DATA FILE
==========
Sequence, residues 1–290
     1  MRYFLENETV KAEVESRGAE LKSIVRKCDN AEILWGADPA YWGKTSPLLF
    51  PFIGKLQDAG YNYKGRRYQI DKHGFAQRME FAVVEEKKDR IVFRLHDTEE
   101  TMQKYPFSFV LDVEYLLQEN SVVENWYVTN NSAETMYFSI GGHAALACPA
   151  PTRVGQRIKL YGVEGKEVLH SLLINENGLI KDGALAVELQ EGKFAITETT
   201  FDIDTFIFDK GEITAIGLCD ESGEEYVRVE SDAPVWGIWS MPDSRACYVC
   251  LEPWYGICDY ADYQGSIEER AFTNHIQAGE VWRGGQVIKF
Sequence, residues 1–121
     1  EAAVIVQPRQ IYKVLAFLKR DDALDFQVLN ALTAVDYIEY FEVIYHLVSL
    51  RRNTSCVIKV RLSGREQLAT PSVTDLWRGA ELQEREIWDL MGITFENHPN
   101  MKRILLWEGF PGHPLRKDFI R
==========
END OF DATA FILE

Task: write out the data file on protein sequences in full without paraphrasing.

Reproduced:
Sequence, residues 1–290
     1  MRYFLENETV KAEVESRGAE LKSIVRKCDN AEILWGADPA YWGKTSPLLF
    51  PFIGKLQDAG YNYKGRRYQI DKHGFAQRME FAVVEEKKDR IVFRLHDTEE
   101  TMQKYPFSFV LDVEYLLQEN SVVENWYVTN NSAETMYFSI GGHAALACPA
   151  PTRVGQRIKL YGVEGKEVLH SLLINENGLI KDGALAVELQ EGKFAITETT
   201  FDIDTFIFDK GEITAIGLCD ESGEEYVRVE SDAPVWGIWS MPDSRACYVC
   251  LEPWYGICDY ADYQGSIEER AFTNHIQAGE VWRGGQVIKF
Sequence, residues 1–121
     1  EAAVIVQPRQ IYKVLAFLKR DDALDFQVLN ALTAVDYIEY FEVIYHLVSL
    51  RRNTSCVIKV RLSGREQLAT PSVTDLWRGA ELQEREIWDL MGITFENHPN
   101  MKRILLWEGF PGHPLRKDFI R